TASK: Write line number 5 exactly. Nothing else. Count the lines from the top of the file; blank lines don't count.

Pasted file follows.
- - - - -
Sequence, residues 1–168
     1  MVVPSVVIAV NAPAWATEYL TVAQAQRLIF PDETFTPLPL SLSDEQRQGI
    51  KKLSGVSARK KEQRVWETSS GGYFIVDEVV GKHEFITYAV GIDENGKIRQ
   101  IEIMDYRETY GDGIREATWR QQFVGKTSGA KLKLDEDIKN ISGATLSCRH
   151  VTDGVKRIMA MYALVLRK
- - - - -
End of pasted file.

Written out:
   151  VTDGVKRIMA MYALVLRK